Texture of your cup influences the taste of coffee

| Michaela Nesvarova

The surface texture of your cup or other tableware affects the taste of what you are drinking or eating. UT researchers proved this in a study published last week.

Photo by: Danijela Froki on Unsplash

Based on experiments using various 3D printed textures, the study showed that it’s possible to influence the taste of a product by altering the surface of its packaging or serving dish. For example, smooth texture enhances sweetness, while a sharp surface intensifies bitterness.

Thomas van Rompay from the UT’s Department of Communication Science (BMS faculty) was the scientist leading the study. ‘Our research generally focuses on how design influences people’s experience of food and drinks. This time we wanted to see if the design actually affects the taste and other sensory experiences,’ he explains. ‘And we concluded that what you see and feel – in sense of touch – does influence what you taste.’

Tested on Van der Poel ice-cream

3D printing technology was at the heart of the study, which was a collaboration between the UT and Korean institute KAIST. The researchers designed and printed several types of cups: some with smooth and round textures, and others with a sharp, spikey surface.

They tested the cups on real consumers and real products, including ice-cream in Van der Poel ice-cream bar in Enschede. ‘In this particular case, we found that the cup with a sharp texture intensified the sour taste of their lemon sorbet, while the cup with a smooth texture enhanced the creaminess of their vanilla ice-cream,’ says Van Rompay.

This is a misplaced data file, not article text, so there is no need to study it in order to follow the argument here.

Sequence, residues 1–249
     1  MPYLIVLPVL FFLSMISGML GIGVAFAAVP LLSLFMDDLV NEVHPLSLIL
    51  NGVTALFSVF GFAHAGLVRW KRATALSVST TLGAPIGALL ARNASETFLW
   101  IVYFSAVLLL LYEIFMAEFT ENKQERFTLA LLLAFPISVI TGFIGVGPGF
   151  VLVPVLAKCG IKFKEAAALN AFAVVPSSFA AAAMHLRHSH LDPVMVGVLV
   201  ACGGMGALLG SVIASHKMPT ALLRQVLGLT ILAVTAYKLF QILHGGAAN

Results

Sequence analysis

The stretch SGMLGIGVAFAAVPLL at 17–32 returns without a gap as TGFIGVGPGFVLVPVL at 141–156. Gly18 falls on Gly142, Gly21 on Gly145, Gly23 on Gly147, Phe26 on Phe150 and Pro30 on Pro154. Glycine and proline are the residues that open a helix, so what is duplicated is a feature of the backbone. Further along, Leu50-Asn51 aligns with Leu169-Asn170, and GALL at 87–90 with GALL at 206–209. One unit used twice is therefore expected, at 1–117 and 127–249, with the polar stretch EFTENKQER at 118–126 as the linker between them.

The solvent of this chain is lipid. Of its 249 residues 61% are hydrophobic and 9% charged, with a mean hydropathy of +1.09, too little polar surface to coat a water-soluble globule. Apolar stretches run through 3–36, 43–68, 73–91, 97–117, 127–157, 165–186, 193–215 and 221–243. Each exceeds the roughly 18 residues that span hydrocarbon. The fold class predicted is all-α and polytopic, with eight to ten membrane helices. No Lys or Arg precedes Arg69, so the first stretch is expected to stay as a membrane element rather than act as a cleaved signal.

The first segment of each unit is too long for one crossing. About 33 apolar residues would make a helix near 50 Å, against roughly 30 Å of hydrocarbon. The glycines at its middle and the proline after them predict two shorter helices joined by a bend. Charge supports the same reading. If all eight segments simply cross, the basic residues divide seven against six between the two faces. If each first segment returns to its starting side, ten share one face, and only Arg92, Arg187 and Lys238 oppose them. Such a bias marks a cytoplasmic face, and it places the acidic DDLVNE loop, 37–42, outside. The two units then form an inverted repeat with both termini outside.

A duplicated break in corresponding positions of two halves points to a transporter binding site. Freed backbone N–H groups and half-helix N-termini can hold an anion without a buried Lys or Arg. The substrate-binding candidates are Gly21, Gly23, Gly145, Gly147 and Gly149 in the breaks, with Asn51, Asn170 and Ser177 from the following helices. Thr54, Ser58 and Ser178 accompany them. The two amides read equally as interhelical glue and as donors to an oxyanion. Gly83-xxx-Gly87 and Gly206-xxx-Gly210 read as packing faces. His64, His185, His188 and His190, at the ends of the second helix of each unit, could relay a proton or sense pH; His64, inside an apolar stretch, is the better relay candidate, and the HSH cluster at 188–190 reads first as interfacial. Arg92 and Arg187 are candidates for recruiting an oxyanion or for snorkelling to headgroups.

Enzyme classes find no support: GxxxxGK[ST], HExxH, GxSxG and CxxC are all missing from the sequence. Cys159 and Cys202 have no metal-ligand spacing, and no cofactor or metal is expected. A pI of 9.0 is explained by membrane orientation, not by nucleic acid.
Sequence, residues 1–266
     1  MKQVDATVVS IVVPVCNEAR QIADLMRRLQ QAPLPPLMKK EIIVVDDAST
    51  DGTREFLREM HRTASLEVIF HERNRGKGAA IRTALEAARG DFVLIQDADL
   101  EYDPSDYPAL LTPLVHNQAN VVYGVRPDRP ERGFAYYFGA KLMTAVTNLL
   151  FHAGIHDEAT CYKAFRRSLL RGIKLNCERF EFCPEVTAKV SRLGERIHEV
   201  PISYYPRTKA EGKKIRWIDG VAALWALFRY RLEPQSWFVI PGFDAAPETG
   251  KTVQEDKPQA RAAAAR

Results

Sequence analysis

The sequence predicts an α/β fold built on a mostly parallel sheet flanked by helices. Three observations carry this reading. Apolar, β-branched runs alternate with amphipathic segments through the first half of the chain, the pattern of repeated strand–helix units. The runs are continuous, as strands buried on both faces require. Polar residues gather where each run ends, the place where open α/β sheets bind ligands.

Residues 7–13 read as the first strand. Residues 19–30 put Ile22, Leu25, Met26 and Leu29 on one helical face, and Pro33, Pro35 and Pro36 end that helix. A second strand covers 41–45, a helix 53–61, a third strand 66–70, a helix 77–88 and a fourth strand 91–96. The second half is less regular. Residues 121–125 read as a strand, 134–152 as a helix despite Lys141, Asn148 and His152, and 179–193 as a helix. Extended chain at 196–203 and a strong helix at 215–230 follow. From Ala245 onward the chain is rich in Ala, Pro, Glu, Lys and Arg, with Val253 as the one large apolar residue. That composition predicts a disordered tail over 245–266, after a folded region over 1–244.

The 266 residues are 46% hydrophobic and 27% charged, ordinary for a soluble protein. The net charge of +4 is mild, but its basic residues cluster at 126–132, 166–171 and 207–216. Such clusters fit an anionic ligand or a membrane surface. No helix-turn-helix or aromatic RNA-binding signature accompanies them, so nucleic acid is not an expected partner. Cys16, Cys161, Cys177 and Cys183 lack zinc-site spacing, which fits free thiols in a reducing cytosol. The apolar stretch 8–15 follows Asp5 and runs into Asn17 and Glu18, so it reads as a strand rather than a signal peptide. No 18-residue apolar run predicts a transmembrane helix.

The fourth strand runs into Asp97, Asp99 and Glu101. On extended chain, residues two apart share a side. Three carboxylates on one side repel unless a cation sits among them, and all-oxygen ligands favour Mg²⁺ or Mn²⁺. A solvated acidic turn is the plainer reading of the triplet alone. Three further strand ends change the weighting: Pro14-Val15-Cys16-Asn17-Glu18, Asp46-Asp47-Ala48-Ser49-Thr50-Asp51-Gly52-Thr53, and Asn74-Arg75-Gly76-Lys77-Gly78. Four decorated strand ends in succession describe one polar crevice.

Is your coffee too bitter? Get a smooth cup 

In another study the scientists tested the impact of the 3D printed cups on everyone’s favorite hot drinks: (bitter) coffee and (sweet) chocolate. ‘No matter the product, we found out that round textures make the drink taste sweeter and angular textures make it seem more bitter,’ explains Van Rompay. ‘It appears that these taste experiences are grounded in the impressions that these textures generate on our skin, but we will conduct follow-up studies to confirm that.’

Making healthier choices

Van Rompay sees a lot of potential in these findings. ‘We’ve shown that we can influence the impression of sweetness, bitterness or saltiness. If the packaging itself can make the product taste sweeter or saltier, we can make healthy alternatives more attractive through packaging design, and therefore help people make healthier choices. 3D printing offers a lot of possibilities in this regard – for packaging companies, food producers or restaurants.’ 

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